In June, Steven Shyu joined OpenPlans as a UX developer at OpeGeo. He’s passionate about creating applications that are functional and enjoyable to use. Steven comes to us from Bloomberg News and will work from OpenGeo’sWashington DC office.
Let’s jump right in, what will you be working on here at OpenPlans?
I'll be part of the OpenGeo team where my primary responsibility is to make OpenGeo’s software more usable and accessible to a wider range of users.
Is there anything specific you’re looking to accomplish?
I want to improve the interface and user experience of the apps we build and to learn more about our users, who I understand are, and will continue to be ever more diverse. I’d also like to learn more about the spatial GIS field and apply lessons I’ve learned elsewhere to it. From what I understand, there’s some room to do some cool new things in the field — not sure what those are yet, but I hope to collaborate with the team to figure some of those opportunities out.
And what were you doing before you joined OpenPlans?
Prior to joining OpenGeo I was working in user experience at Bloomberg Government. I was focused on the user experience of the legislative and industry sections of the product. I acted as a liaison between product managers, developers, and other stakeholders to outline features and then define the details of the user experience. Before that I was a UX Engineer at Congressional Quarterly (CQ). I did similar work to what I ended up doing at Bloomberg Government, but I was also responsible for implementing some of the interfaces and workflows that I designed.
Your career path seems heavily focused on government work, what led you down that path?
It was by chance. While in school I had taken some coursework in regulation/government, but I didn’t expect to end up working on government data sites. However, my first job in the UX field ended up being at Congressional Quarterly, and many of the projects I worked on there happened to focus a lot on government data.
While we’re on the topic, what did you study in school?
I studied Chinese and media psychophysiology. Broadly speaking, psychophysiology is studying the relationship between physiology (e.g., heart rate, brain activity) and psychology (behavior, emotions, and thoughts). While studying, I learned a lot about psychology and cognitive science. Since a big part of UX is understanding how people think and process information, and many of the lessons from those areas are applicable to UX design.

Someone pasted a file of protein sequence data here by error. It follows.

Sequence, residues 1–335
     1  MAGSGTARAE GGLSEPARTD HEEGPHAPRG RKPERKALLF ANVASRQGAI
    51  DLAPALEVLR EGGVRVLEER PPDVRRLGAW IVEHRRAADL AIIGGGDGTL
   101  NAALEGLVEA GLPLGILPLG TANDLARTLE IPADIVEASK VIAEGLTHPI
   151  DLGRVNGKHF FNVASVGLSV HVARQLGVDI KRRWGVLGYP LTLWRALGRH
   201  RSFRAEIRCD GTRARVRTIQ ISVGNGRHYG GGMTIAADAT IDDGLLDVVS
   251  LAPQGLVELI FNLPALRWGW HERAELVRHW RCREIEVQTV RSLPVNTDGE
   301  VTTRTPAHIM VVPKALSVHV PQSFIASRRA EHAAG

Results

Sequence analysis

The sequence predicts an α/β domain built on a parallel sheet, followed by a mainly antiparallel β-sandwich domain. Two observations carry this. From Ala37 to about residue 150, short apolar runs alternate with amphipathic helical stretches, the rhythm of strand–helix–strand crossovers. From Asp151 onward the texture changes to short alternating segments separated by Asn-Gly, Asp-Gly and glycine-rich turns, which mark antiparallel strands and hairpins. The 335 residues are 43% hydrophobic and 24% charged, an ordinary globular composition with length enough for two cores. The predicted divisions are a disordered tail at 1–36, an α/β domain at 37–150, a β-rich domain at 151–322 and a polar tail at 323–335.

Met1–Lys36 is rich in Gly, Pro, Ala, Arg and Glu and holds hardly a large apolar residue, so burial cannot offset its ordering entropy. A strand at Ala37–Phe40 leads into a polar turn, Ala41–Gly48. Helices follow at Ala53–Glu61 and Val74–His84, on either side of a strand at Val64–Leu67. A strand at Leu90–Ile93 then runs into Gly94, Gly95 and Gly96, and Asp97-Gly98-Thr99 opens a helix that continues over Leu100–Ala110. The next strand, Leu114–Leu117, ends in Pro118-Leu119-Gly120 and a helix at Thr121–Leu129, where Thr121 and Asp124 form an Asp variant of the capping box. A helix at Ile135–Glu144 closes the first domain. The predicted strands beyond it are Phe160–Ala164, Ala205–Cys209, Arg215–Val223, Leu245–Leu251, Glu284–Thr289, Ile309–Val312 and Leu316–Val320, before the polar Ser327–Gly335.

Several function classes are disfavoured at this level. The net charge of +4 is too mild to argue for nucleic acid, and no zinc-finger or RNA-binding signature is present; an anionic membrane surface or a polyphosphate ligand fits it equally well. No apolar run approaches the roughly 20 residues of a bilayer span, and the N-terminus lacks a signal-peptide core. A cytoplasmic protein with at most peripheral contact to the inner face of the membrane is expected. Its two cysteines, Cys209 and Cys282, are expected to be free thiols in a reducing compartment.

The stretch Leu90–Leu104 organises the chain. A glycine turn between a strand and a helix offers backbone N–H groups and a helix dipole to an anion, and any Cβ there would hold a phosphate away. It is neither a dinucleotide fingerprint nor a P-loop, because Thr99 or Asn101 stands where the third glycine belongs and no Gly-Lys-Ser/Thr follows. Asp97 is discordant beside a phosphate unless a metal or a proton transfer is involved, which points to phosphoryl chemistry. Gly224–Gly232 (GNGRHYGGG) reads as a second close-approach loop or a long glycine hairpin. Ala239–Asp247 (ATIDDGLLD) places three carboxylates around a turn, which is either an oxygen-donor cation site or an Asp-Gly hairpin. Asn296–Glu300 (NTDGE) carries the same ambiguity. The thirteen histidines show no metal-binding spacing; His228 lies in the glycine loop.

That’s great, thanks for letting us know more about your background better. With all of the impressive work you’ve accomplished at CQ, Bloomberg and other places Is there one project you look back of most fondly?
Hmm, that’s a tough one! One would have to be a convention events application I worked on while with CQ back in 2008.
Convention? I assume you mean the national political party meetings? Tell us about it.
Yes, exactly. The user-facing piece let users browse event listings for the Republican National Convention (RNC) and the Democratic National Convention (DNC), and users could also see where the events were on a map. What was really cool was that the editorial team who input those events could do it in a CMS that I built, and the CMS would send it to the website and also allow them to export it into InDesign for the print publication. This meant they only had to input the data once. While that’s a best practice now, it was not as common then. It was also my first and only application to use the Google Maps API.
Was that your introduction the geospatial world?
Yup. I happened upon OpenGeo later, via a blog that linked me to some posts that that OpenGeo’s parent organization (OpenPlans) published. When I looked at OpenGeo’s work, I thought, hey, there a bunch of really interesting projects there. I was drawn in because I like science and data, and maps are a powerful data visualization tool.
Well that sounds like a really slick application, can I ask you to tell us about another?
Sure, another that comes to mind is Data View, which I designed the UX for at Bloomberg Government. The goal of that project was to create a standard interface to visualize datasets of varying sizes and complexity. This was and still is a large challenge, but I worked with the industry team to come up with a tool that lets people view a bunch of industry datasets (like health care spending by state, vehicle miles traveled by mode, etc.). With the tool, users can view and extract useful information from the data without having to wade through large tables (though they can do that too if they want).
So, what are your areas of expertise now on the software side?
I’ve done a lot of front-end development and even some back-end, but my recent and main focus has been the user experience of web apps, though many UX principles are applicable universally, on anything from mobile phones, to cars, and to washing machines.
When OpenGeo starts making consumer appliances we’ll have a leg up. What about outside of work, do you have any hobbies?
I enjoy playing piano, hiking, swimming, running. I also like learning languages, but that’s a bit harder to do since it requires a lot more dedicated time. I also enjoy cooking and baking.
A baker? Your co-workers in the DC office are lucky!
Steven, thanks for sitting down to chat, it was a pleasure getting to know you.
The pleasure was all mine, I’m happy to be aboard.